Posted on | January 30, 2010 | 7 Comments
So says Christian Josi, referring to the hiring of a new editor at The Washington Times. Paul Bedard, who was on the White House beat when I joined the Times in 1997, gives the lowdown on the new guy:
Dealey, a U.S. News contributor, is based in Washington, writing on national and foreign affairs. Besides contributing to Reader’s Digest, he writes frequently for publications such as GQ, Details, and The New York Times. Dealey has also reported from Africa for CNN and PBS’s NewsHour With Jim Lehrer. He is a media fellow at the Hoover Institution.
The Dallas native was a reporter for The Hill newspaper, an editorial board member at The Washington Times, and assistant managing editor of The American Spectator.
I’ve never met Dealey, and have no reason to doubt that he is everything he is cracked up to be. On the other hand, he’s only 36 and nothing in his biography suggests extensive managerial experience in a daily newspaper environment.
That was really the problem that sank Dealy’s predecessor, John Solomon, who had built his career as a reporter for the Associated Press and spent a year at the Washington Post before taking over the top job at the Times shortly after I left in January 2008. Whatever else his qualifications, Solomon had little managerial background and no experience of the distinctive culture of the Times.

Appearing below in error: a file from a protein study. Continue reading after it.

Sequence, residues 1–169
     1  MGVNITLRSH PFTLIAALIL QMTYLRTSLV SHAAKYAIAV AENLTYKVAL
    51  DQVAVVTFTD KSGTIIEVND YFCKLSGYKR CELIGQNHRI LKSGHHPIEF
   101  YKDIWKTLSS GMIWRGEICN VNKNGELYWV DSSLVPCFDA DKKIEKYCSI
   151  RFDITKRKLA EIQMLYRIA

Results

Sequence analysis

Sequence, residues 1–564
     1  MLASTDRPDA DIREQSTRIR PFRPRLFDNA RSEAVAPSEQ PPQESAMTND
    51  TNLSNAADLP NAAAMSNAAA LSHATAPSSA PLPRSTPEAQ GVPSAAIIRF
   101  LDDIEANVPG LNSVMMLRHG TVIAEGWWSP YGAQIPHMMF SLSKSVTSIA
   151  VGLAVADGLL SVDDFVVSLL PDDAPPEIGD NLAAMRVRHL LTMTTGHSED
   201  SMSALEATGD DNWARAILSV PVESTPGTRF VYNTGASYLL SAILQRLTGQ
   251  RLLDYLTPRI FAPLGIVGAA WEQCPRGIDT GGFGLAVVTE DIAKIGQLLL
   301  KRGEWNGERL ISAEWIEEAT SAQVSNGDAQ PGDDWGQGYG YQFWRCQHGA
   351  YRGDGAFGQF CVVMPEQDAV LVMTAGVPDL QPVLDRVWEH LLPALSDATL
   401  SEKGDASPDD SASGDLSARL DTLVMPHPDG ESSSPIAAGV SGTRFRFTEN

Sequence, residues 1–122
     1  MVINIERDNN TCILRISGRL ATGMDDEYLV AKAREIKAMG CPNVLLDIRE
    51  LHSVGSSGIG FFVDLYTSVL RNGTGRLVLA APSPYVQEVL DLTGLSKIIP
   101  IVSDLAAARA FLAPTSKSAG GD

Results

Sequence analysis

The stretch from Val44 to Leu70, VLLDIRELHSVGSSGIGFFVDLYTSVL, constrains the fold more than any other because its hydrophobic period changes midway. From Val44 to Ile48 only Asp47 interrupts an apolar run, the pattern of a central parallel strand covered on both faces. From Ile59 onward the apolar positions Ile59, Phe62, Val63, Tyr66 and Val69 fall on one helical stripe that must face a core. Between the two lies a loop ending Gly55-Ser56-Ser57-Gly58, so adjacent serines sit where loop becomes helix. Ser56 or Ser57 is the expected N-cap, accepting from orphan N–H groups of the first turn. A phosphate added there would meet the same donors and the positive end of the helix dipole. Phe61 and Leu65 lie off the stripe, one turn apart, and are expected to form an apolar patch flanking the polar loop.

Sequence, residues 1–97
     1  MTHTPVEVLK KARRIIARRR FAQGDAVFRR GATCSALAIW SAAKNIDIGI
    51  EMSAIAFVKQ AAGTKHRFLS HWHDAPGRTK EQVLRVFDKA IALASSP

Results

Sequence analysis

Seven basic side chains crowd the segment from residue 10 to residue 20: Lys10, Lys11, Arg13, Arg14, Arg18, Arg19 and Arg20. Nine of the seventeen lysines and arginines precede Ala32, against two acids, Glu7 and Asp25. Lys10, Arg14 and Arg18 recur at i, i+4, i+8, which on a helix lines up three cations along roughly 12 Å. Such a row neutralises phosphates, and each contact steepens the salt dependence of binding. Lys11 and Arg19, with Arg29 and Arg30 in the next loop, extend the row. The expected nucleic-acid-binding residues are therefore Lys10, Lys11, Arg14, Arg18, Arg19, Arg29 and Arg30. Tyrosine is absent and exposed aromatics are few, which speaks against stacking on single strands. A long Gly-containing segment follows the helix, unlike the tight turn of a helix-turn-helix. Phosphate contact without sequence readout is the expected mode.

Running any daily newspaper is a tremendous managerial challenge, and the Washington Times is certainly more challenging than most. D.C. is a very competitive news environment and being the underdog paper, going up against the Post every day, requires an extraordinary degree of mental toughness. Former editor-in-chief Wes Pruden’s long tenure in the job was as much a testimony to his cast-iron temperament as to his journalistic ability.
No matter what, Dealey starts off on the wrong foot with the newspaper’s staff. Bringing in an outsider to run the Washington Times newsroom — Dealey was on the editorial board of the paper, but never on the news staff — is an implied putdown of the guys who’ve been in charge of the daily news operation since Solomon quit in November.
All of which is to say that Dealey’s got his work cut out for him. I wish him luck. At least he’s not a damned Postie. That’s basically what prompted me to resign when I did. It had just been announced they’d hired Solomon from the Post, and one of my colleagues remarked, “If I’d wanted to work for a Postie, I’d have applied at the f—ing Post.”
Good point. I submitted my resignation the next day. My colleague stayed — and got laid off right before Christmas last year, along with dozens more who didn’t see the writing on the wall soon enough.